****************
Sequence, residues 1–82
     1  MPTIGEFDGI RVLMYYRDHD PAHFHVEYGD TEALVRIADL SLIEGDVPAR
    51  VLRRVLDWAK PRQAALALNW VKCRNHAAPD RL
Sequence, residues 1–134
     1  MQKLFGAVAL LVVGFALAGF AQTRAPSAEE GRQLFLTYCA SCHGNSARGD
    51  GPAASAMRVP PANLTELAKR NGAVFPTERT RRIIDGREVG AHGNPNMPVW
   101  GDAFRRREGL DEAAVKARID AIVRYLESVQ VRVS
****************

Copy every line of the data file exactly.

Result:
Sequence, residues 1–82
     1  MPTIGEFDGI RVLMYYRDHD PAHFHVEYGD TEALVRIADL SLIEGDVPAR
    51  VLRRVLDWAK PRQAALALNW VKCRNHAAPD RL
Sequence, residues 1–134
     1  MQKLFGAVAL LVVGFALAGF AQTRAPSAEE GRQLFLTYCA SCHGNSARGD
    51  GPAASAMRVP PANLTELAKR NGAVFPTERT RRIIDGREVG AHGNPNMPVW
   101  GDAFRRREGL DEAAVKARID AIVRYLESVQ VRVS